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brow42's picture
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Could you describe more about how rosetta handles hbonds, how they are scored, and how the Hnet is scored? Specifically, I was looking at # of bond and directionality of bonds.

Here is a picture of 10 hbonds to the same sidechain: http://fold.it/portal/files/chatimg/irc_269484_1445571359.png

In the blog post, it says acceptors count as fully satisfied if they have at least 1 hbond.

So, specific questions, but please also elaborate if I didn't hit the right question:

1) Are acceptors purely electrostatic (no lone pair directionality)

2) Is there a big score jump if an hbond matches a donor directionality condition? An acceptor? Two bonus for both, or no bonus unless both?

3) is the preferred direction for donors along and opposite the X-H bond, X = N,O?

4) Is this partial covalent bond the difference between a red network hbond and a blue network hbond? What is the difference?

5) how did I get 10 hbonds anyway?

sboyken's picture
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In FoldIt, h-bonds are pairwise and calculated independently

@brow42, your questions are really good -- I'll answer them each below (I'm the scientist in the Baker lab who is working on the method for hbond networks).

1) Are acceptors purely electrostatic (no lone pair directionality)
No, the hydrogen bond energy is dependent on the geometry (distance and angle) between the donor hydrogen and the lone pair electrons of the acceptor. There is also a general electrostatic attraction between the partial positive charge of the donor and the partial negative charge of the acceptor. In FoldIt and Rosetta, the electrostatic energy and the hydrogen bond energy are calculated independently (even though in reality these forces are heavily dependent). For the networks, we are concerned more with good hydrogen bond geometry than electrostatic attraction.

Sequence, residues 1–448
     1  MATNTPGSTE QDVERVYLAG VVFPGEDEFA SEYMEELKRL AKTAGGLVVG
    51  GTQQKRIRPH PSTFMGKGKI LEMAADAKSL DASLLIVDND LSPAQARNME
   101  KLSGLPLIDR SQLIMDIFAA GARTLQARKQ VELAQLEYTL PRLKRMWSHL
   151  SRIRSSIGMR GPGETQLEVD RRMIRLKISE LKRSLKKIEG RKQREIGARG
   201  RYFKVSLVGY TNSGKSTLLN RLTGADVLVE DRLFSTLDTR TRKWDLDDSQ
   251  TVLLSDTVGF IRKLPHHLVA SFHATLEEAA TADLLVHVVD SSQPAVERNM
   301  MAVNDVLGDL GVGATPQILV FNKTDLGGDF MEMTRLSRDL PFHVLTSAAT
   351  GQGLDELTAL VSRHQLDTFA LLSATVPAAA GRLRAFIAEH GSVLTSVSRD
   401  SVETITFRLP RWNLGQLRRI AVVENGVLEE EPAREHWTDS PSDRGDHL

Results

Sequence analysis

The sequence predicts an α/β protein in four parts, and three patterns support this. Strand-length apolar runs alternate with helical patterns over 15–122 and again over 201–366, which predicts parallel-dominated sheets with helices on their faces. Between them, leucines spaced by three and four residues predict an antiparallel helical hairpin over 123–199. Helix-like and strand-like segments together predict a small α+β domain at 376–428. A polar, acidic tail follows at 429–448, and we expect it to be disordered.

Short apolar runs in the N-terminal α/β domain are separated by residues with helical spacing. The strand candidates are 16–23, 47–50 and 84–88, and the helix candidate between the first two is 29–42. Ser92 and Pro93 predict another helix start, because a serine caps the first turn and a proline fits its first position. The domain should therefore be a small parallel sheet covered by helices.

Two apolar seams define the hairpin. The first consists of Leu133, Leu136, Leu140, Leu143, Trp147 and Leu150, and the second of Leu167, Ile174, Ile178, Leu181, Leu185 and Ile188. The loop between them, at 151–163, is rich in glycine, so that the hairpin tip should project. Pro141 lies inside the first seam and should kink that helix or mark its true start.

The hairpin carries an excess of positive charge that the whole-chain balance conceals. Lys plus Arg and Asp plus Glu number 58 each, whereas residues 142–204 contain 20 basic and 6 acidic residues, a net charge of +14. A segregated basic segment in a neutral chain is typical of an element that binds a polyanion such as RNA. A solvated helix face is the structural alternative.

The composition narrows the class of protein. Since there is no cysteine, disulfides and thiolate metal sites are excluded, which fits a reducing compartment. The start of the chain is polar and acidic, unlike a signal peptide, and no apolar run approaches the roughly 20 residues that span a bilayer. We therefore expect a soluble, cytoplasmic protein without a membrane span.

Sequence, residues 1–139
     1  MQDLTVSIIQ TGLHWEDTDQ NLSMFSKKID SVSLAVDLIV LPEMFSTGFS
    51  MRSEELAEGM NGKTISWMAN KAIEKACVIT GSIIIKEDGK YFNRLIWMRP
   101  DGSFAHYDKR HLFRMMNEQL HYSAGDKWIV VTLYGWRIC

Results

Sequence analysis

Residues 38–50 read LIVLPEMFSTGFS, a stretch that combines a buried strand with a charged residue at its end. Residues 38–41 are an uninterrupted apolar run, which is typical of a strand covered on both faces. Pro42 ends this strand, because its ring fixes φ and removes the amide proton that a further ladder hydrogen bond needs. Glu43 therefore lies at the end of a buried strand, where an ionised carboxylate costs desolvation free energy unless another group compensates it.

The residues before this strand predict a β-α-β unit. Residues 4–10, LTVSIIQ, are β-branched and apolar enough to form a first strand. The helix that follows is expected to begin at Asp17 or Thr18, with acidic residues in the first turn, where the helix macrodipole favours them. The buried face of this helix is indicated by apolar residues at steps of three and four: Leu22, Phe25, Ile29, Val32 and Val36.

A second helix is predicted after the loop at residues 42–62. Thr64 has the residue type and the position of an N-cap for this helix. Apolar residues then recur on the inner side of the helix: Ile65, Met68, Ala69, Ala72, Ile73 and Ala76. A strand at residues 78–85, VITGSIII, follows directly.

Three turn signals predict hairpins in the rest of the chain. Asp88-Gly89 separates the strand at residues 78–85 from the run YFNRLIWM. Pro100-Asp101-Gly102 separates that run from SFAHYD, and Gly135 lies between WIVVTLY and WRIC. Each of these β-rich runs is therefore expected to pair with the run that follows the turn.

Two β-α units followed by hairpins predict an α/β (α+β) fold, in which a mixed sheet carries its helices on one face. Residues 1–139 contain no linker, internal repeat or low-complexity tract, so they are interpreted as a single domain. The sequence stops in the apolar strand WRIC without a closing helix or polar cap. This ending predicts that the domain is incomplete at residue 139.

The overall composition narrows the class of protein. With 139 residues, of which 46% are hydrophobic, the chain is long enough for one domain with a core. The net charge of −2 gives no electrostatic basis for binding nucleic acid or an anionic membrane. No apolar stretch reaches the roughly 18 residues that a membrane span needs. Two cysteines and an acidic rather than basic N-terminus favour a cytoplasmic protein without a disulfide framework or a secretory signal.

2) Is there a big score jump if an hbond matches a donor directionality condition? An acceptor? Two bonus for both, or no bonus unless both?
For an individual hydrogen bond, more-so both -- but it will not big a "big" jump -- the bonus is for the network. The better the geometry between donor and acceptor, the better the score for each h-bond. A hydrogen bond has to have a good enough geometry (score) to be included in the network, and the important properties for protein design are related to the connectedness of the network -- multiple hydrogen bonds that are coordinated in favorable ways, which is what we are trying to capture.

3) is the preferred direction for donors along and opposite the X-H bond, X = N,O?
It depends on the geometry between the donor hydrogen atom and the lone pair electrons of the acceptor atom; different acceptors have different numbers and orientations of lone pair electrons ("hybridization"). Rather than directionality, think geometry. In many cases, the "best" geometry is very similar to what I think you are saying, which is more or less 180 degrees (straight-on) between the donor hydrogen and the acceptor.

4) Is this partial covalent bond the difference between a red network hbond and a blue network hbond? What is the difference?
Yes -- kind of. Again, it's all about the geometry. The red indicates an hbond with worse geometry, so by improving geometry, it can become blue (a better hydrogen bond) and included in the network.

5) how did I get 10 hbonds anyway?
in order for things to be calculated efficiently in FoldIt and Rosetta, we have to do things pairwise, which means if all 10 possibilities exist, we score all 10. All of these 10 hbonds that you're seeing are possible, but in reality, each acceptor (of this type) can only accept 2 hydrogens and all 10 cannot exist simultaneously. Some of these hydrogen bonds are not as good as others (worse geometry and hence worse score), so not all of them would be allowed in a network. Short version is you stumbled upon a kind of weird case. Usually, this many hydrogen bonds to a single acceptor would not be possible simply because of the backbone restrictions and things clashing with each other.

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